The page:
We would love to show your 50th celebrations on this blog - please email your photos to Jade (jrimell@fht.org.uk)

Image: iStockphoto

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Dr Marilyn Glenville discusses the nutritional advice that she would give all women, and why…
I would like women to realise that sugar and foods that are broken down into sugar quickly – white flour, for example – are the major culprits behind many of their health problems. Many of the symptoms that women experience, from irritability, anxiety and insomnia, to palpitations, headaches and fatigue, are often due to fluctuating blood sugar levels caused by caffeine and sugar, as well as long gaps without eating.
Low- or no-fat alternatives are not the answer, as a low-fat fruit yogurt (even organic) could contain eight teaspoons of added sugar. Added sugar and caffeine should be eliminated for 80 per cent of the time and people should also eat little and often, ideally every three hours.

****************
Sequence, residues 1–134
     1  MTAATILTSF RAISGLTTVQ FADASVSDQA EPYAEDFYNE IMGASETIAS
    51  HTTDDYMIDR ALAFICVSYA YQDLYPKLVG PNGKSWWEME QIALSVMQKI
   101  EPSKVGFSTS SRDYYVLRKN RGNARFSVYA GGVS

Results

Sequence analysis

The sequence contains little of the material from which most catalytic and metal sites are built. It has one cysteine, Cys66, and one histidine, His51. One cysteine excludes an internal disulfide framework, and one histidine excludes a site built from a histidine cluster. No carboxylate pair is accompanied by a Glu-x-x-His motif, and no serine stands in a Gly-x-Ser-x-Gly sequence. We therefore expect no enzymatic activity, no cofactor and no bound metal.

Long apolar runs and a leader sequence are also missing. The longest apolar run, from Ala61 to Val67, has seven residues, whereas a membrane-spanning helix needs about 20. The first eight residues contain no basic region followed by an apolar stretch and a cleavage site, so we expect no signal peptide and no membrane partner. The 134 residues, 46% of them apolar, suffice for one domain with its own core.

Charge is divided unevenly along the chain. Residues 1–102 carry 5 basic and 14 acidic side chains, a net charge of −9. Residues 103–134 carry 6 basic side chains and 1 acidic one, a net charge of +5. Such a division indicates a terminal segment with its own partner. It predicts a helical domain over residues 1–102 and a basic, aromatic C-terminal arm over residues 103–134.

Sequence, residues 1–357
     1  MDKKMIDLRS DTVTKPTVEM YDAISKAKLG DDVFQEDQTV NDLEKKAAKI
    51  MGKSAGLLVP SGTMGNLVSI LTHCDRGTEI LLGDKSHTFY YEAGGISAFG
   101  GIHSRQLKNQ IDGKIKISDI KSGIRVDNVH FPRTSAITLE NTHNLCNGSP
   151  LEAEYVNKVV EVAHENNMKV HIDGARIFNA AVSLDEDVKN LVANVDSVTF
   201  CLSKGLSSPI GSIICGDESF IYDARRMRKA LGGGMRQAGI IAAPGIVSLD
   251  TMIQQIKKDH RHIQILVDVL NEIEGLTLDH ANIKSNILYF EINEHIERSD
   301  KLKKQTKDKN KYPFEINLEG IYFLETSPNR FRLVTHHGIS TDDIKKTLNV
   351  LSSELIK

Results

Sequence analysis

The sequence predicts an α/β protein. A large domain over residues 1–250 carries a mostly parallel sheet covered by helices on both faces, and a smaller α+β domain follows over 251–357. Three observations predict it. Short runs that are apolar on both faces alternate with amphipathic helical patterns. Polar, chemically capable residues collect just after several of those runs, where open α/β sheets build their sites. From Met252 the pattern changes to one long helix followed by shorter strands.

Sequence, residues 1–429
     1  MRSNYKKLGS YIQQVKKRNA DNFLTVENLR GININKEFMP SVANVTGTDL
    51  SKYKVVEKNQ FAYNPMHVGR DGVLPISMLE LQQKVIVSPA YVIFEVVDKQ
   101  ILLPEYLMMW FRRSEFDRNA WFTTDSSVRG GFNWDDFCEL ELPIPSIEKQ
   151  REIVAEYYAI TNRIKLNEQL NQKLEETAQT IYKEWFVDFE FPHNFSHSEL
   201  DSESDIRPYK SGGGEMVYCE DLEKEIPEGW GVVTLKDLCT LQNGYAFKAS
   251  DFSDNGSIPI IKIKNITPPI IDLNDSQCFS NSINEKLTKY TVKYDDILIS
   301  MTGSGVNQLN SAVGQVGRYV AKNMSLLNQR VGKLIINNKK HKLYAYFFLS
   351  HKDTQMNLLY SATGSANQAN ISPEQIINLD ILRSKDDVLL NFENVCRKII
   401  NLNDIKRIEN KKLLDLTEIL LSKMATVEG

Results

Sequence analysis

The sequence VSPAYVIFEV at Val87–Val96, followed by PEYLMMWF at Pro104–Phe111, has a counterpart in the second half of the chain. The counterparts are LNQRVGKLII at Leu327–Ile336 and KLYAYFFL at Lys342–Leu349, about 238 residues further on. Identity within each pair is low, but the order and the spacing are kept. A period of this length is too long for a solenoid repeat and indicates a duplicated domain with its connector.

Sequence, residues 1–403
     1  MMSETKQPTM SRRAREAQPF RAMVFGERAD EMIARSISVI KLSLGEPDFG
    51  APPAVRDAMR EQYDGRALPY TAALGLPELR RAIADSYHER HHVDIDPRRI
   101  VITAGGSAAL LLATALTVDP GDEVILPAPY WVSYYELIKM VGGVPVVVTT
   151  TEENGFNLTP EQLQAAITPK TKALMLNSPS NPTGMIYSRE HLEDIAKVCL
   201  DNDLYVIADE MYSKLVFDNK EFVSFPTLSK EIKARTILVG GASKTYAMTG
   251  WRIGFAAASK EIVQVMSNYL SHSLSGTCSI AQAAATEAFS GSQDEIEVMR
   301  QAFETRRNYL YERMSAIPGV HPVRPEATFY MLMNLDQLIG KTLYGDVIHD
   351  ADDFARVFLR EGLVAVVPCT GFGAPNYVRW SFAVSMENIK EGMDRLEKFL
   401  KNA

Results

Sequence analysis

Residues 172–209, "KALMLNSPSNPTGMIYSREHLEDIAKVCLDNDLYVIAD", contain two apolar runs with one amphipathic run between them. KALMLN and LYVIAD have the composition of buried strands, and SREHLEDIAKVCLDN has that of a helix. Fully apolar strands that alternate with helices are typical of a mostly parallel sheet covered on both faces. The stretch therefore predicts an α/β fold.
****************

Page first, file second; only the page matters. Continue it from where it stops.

Most women I see are exhausted, which often ties in with their stressful lives and is reflected in the way they eat. Food and drink such as coffee and chocolate provide a quick fix but create a vicious cycle of highs and lows; the lows cause a release of the stress hormones and they end up feeling even more stressed.
Following a stressful event, increased cortisol levels cause an appetite surge because the body thinks it should refuel after all the fighting or fleeing. Women under constant stress quite often feel constantly hungry, craving carbohydrates and fats, often in the form of high-sugar, high-fat comfort and convenience food.
If the body does not fight or flee as expected, the fat and glucose gets deposited as fat around the middle of the body and any sugary or fatty foods eaten due to the poststress appetite surge will potentially cause further weight gain there too.
PS. Dr Marilyn Glenville will be hosting the lectures: Fat around the middle – risks of cancer and other illness (7 July, 1pm-1.45pm) and Natural solutions to the menopause (8 July, 2pm-3.15pm). www.fht.org.uk/50
Copyright (c) 123RF Stock Photos

Dr Marilyn Glenville discusses the nutritional advice that she would give all women, and why…